JOHN T. MOIR,
Chairman ofthe Board of Supervisors,
Territory of Hawaii I
County of Hawaii f9S'
I hereby certify, that .tu'e foregoing
W. . 90fl. , ' -.dhft
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Ordhmnce was rcgillarly considered at a
meeting of the Hoard of Supervisors of
the County of Hawaii, held at the County
Seat upon the 7U1 day of June, A. I).
i)o6, mid upon being put to vote wild
Ordinance was adopted.
IN WITNKSS WHURKOF I have
hereunto set my hand and affixed the
seal of the County ot Hawaii upon tills
7th day of June, A. D. 1906,
Seal. . SAMUKI, K. 1'UA,
Clerk of the County of Hawaii.
Under authority conferred upon the
undersigned by the Board of Supervisors
of the County of Hawaii, Territory of
Hnwiill, on the 7th day of June, 1906, at
a regular meeting of said Board, bids are
called for on one ten-ton steam toad
roller. Bids oil the same with alternative
estimates on delivery at Hilo, Honolulu
or Mahukona will be received by the
undersigned up to the hour of 12 o'clock,
noon, of the 26th day of June, 1906, at
the office of the said Board of Super
visors, Peacock Block, Hilo, Hawaii.
Right is reserved to reject any or all bids.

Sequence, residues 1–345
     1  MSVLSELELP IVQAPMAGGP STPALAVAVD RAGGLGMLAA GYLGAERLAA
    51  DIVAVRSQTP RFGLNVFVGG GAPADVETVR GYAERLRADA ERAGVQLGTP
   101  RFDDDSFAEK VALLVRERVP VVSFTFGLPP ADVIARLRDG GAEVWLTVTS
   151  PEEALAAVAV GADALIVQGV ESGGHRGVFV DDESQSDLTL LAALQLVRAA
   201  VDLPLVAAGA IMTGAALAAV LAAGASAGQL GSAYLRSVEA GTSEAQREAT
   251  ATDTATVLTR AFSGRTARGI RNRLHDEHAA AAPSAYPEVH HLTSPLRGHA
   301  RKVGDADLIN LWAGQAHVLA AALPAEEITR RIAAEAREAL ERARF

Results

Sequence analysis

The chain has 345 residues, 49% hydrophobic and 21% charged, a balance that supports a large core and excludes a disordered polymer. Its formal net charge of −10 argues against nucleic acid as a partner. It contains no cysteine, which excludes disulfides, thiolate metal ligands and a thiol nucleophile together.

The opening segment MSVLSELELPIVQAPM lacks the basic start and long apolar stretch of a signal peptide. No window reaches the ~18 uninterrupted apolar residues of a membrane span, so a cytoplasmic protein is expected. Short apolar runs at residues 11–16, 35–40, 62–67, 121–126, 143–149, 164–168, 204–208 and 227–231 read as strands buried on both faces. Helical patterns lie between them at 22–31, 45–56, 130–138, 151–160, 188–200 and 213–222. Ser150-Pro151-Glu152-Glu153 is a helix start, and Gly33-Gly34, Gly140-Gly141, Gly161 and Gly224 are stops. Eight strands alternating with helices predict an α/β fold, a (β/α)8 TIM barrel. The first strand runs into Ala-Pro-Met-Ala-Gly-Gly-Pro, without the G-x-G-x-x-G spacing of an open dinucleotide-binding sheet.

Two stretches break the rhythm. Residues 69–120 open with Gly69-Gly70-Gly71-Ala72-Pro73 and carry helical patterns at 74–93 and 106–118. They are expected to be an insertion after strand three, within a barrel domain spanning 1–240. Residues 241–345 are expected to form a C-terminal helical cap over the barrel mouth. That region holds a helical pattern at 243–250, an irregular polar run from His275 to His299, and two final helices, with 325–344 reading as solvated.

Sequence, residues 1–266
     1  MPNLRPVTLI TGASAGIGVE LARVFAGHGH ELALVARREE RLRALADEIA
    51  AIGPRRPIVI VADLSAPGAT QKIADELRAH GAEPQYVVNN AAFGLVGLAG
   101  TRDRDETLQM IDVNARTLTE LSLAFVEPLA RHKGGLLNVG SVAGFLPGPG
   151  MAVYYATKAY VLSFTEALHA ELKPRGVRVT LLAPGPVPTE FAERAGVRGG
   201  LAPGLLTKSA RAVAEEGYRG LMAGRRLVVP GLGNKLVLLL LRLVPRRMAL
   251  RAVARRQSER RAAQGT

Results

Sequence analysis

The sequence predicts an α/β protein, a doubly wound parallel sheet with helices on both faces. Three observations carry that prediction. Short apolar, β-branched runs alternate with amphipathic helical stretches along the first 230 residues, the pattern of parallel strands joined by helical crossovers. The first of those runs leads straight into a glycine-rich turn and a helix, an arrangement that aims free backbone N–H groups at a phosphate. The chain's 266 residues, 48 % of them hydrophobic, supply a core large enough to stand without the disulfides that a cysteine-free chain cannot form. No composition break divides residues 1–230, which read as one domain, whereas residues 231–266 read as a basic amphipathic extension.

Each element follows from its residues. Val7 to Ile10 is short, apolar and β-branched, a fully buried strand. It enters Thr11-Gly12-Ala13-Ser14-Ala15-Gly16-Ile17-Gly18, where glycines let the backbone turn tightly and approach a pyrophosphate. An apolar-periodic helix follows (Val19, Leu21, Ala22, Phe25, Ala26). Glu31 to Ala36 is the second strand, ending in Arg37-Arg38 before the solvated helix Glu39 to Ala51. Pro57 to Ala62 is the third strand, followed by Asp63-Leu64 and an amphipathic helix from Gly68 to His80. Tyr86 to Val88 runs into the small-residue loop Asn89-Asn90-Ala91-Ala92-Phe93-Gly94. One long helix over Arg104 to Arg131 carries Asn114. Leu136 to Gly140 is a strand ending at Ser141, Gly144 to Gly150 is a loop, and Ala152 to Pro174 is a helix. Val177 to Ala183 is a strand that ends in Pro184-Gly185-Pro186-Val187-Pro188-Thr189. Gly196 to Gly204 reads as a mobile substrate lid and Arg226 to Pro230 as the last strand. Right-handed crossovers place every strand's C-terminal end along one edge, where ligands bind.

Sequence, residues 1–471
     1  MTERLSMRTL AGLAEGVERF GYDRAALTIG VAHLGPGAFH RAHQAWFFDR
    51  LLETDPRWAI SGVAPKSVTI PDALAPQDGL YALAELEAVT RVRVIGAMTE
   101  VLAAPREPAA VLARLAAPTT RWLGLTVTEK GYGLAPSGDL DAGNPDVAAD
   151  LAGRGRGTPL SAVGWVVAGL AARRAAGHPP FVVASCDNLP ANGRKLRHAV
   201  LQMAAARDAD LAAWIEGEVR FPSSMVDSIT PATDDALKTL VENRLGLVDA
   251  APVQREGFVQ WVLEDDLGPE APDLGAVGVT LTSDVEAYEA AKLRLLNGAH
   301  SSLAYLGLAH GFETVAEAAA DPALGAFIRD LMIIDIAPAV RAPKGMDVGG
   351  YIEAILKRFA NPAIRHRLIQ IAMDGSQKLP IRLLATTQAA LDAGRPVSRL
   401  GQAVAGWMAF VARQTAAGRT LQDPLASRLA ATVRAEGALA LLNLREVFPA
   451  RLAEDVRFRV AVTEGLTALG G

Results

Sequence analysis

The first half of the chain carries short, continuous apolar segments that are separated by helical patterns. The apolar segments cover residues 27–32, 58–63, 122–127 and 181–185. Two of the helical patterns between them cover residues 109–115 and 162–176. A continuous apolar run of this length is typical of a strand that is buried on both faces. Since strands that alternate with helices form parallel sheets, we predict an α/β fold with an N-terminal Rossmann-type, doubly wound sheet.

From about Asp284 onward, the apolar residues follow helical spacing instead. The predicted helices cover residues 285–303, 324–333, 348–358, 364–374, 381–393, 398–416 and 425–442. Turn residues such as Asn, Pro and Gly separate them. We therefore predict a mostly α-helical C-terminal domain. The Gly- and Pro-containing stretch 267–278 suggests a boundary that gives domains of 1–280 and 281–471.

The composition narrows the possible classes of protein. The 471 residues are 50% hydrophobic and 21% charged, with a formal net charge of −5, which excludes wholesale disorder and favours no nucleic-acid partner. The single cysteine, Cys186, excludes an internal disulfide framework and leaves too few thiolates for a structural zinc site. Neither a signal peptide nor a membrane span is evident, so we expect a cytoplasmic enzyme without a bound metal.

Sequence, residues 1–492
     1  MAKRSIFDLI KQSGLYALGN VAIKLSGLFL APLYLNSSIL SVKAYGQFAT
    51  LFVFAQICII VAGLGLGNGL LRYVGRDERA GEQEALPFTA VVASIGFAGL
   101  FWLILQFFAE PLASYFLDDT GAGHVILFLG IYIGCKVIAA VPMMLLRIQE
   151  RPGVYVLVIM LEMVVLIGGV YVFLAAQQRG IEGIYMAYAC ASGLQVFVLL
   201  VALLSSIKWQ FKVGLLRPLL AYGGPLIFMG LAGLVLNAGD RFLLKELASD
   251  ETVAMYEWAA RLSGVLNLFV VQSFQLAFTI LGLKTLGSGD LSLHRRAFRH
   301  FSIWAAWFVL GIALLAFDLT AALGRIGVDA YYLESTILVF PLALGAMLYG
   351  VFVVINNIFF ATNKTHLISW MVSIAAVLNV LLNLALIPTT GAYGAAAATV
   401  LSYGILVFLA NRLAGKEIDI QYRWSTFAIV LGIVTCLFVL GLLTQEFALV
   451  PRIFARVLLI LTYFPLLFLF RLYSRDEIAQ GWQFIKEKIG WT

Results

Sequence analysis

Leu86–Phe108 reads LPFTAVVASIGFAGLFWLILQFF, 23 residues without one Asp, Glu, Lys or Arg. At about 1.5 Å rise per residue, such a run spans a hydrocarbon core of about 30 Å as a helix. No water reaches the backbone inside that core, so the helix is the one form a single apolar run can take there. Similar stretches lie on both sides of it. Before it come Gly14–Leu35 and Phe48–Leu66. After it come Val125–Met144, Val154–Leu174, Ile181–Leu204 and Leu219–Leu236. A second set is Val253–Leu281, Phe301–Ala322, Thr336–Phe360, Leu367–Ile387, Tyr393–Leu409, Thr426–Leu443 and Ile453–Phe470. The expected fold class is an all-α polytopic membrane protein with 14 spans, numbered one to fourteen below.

J. T. MOIR,
Chairman Board of Supervisors.
Hilo, Hawaii, June 7, 1906,
! W. C. Peacock & Co. I
SOLE AGENT FOR HAWAIIAN ISLANDS FOR
I. W. Harper's Bourbon and Rye
The Bernheim Distilling Comp'ys
Old Continental Bourbon and Bye
SHAW'S PURE MALT
W. C. PEACOCK
C. C KKNNKDY -.President. C. A. STODIK Cathler.
JOHN T. MOIR....it Vlce-Pre. V. S. LYMAN Secretary.
II. V. PATTKN aud Vice-Pro. mid Managing Director
John Watt JolmJ. Grace C.8. Smith A. Lindsay Wm. Pullar W. H.Shlpman
THE FIRST BANK OF HILO, LIMITED
PEACOCK BLOCK, HILO
Incorporated Under the Laws of the Territory of Hawaii
Draw Exchange on Honolulu, San Francisco, New York, Chicago,
London, Hongkong and Yokohama
SAFE 'DEPOSIT BOXES RENTED BY THE MONTH OR YEAR. PAR
TICULARS ON APPLICATION
Boundary Notice. I
An application for settlement of the
boundaries of the land called Hlenaloll
1st, In the District of North Kona,
County of Hawaii, Territory of Hawaii,
having been filed with the Commissioner
of Boundaries for the Third and Fourth
Circuits, Territory of Hawaii, by J. VV.
Pratt, Commissioner of Public Lands.
Notice is lierely given to said Com
missioner of Public Lands for the Terri
tory of Hawaii, the owner of said land,
and also to the owners of the lands ad
joining, namely, Hawaii Land Company,
Ltd., for Grant 3148, Honuaula; Mrs. II.
N. Grcenwell, for Grant 3loo,Houuaula,
Thomas Alu, for Land Com. Award
7716, Hlenaloll 2d. Jno. de Costa Atnariti,
Land Com. Award 7716, Hlenaloll 2d.,
American Board of Missions for L. C. A.
387, Hlenaloll 1st, that said application
and the testimony offered will be heard
at the office of the Commissioner of Boun
daries, at Hilo,' Hawaii, on Thursday the
12th day of July, A. II. 1906, at 9 a. in.
Ililo, Hawaii, June 7, 1906.
F. S. LYMAN,
Commissioner of Boundaries 3d aud 4th
Circuits, T. II. 33.3
Subscribe for the Tribunk. Sub
scription $2.50 a year.
& CO., LIMITED
PEACOCK BLOCK, HILO